The House Wren by Julie Jansen Sept. 2020

08/21/2020 15:34

The House Wren has one of the largest ranges of any songbird in the New World. It breeds from Canada through the West Indies and Central America, southward to the southernmost point of South America.


Spending the summers in thickets and brushy edge habitat adjacent to woodlands, the house wren is a familiar bird in parks, backyards, and gardens, often—but not always—near human settlements. Some house wrens winter in the southernmost states in the United States, but many travel beyond our borders farther south.

House wrens nest in a variety of cavities from woodpecker holes to natural cavities and nest boxes. Like Carolina wrens, house wrens will also nest in flowerpots, drainpipes, and will gladly use nest boxes, or you may find their twig-filled nests in old cans, boots, or boxes.

Single males sometimes compete for females even after a pair has begun nesting. In about half of these contests the outsider succeeds in displacing his rival, at which point he usually discards any existing eggs or nestlings and begins a new family with the female.

The male builds these “dummy” nests, and the female selects one in which to nest. The twig structures are lined with soft materials, such as grass or hair, and the female lays six to eight eggs. The cup itself is built into a depression in the twigs and lined with just a few feathers, grasses and other plant material, animal hair, spider egg sacs, string, snakeskin, and discarded plastic. The female lays 3 to 10 eggs. Only the female incubates eggs. Both parents feed the chicks. House Wrens can be very feisty and competitive when it comes to nest sites. They will pierce and discard the eggs of bluebirds and others who dare to build a nest in a site the House Wren feels it “owns.”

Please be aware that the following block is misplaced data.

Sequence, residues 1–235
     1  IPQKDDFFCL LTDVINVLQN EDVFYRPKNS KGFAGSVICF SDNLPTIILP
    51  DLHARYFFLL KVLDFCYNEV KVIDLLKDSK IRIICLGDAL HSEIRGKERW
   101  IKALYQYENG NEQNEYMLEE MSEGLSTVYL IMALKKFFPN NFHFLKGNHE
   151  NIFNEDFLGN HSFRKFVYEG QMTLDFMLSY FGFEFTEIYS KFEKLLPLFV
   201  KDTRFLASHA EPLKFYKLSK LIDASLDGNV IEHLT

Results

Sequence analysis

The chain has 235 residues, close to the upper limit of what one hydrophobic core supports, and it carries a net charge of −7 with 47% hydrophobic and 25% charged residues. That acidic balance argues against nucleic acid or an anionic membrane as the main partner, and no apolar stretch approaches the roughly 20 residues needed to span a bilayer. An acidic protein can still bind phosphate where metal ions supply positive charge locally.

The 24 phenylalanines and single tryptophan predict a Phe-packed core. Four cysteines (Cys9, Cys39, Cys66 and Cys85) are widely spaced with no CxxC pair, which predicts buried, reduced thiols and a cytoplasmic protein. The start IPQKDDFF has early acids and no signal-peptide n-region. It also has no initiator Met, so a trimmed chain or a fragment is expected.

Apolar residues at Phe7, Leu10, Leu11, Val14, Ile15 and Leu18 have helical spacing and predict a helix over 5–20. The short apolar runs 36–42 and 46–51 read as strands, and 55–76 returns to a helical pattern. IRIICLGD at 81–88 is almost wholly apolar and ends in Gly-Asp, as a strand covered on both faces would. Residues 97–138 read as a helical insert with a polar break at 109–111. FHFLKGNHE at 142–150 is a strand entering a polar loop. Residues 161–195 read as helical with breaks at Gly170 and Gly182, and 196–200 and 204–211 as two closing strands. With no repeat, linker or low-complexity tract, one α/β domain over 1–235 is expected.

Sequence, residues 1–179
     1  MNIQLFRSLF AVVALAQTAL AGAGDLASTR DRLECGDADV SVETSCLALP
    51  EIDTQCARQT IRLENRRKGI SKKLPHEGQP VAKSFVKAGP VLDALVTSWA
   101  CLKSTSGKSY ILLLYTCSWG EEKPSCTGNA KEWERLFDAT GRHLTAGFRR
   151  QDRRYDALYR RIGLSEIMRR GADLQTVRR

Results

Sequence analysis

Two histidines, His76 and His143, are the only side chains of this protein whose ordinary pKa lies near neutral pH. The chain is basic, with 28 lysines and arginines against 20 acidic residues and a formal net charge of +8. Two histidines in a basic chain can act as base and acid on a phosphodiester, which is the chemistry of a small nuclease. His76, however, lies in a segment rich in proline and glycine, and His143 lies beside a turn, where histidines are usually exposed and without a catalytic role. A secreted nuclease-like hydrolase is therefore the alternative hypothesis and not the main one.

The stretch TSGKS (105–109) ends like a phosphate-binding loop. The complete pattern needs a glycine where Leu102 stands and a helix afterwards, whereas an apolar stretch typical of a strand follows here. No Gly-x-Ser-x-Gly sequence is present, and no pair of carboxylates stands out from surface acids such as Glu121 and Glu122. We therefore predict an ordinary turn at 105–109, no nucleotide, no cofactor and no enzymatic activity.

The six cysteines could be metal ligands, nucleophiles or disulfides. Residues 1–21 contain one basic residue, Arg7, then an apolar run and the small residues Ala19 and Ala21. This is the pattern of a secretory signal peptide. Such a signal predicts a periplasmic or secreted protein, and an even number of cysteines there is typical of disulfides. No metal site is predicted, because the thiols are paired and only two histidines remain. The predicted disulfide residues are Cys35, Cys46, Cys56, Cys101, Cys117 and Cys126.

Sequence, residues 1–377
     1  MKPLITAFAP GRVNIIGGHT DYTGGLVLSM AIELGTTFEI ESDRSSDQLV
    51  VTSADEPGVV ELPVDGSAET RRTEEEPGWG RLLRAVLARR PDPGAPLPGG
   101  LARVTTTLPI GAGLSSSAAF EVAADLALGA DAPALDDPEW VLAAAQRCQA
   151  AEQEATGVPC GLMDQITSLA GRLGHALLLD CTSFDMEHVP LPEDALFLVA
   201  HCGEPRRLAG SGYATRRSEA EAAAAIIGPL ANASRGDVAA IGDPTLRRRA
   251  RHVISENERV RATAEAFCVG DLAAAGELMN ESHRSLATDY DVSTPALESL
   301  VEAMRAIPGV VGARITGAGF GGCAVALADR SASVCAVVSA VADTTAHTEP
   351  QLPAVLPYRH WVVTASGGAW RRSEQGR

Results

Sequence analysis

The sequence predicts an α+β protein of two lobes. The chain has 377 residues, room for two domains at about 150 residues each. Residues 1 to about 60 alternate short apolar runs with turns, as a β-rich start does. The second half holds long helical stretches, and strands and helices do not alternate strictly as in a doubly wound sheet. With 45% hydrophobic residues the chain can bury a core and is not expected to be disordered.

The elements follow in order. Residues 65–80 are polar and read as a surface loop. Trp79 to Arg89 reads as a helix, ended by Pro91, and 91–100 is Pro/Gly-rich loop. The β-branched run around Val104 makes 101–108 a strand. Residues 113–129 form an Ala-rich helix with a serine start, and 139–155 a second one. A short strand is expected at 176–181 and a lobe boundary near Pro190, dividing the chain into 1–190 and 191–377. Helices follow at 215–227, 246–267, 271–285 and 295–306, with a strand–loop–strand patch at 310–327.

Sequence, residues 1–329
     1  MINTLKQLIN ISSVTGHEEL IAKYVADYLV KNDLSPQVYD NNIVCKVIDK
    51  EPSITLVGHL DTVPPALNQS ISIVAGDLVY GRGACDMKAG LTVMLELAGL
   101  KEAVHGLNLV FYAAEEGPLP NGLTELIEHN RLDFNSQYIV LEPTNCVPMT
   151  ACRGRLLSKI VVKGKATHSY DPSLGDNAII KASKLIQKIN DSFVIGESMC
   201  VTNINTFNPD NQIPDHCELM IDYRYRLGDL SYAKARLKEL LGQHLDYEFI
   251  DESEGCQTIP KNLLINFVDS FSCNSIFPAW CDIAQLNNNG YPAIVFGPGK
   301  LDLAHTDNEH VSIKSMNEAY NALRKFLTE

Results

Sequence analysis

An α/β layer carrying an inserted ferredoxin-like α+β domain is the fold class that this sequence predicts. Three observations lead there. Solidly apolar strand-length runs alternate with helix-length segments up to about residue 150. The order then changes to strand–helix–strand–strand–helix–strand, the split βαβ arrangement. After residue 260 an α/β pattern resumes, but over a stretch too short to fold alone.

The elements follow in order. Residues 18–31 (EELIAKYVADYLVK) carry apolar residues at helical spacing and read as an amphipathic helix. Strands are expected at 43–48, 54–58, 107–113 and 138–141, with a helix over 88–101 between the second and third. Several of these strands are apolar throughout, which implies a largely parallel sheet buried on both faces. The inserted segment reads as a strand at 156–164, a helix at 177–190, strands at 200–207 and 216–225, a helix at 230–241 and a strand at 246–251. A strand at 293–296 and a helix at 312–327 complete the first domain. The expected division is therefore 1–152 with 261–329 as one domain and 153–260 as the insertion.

The female performs the incubation duties, which last from 12 to 14 days. Fledglings leave the nest two or more weeks after hatching.  House wrens are notable for their lack of field marks—the warm-brown upperparts and tail are matched by a grayish breast.

Look closely at the house wren, and you’ll see a variety of small white and black spots, the only variation in the bird’s plumage. Males and females look alike and both have the wren-like habit of cocking their tails up when perched. The thin, slightly curved bill is ideal for capturing and eating the house wren’s insect prey.

The oldest recorded House Wren was at least 9 years old, when it was recaptured and rereleased during banding operations in New York in 1993, the same state where it had been banded.

Sources: and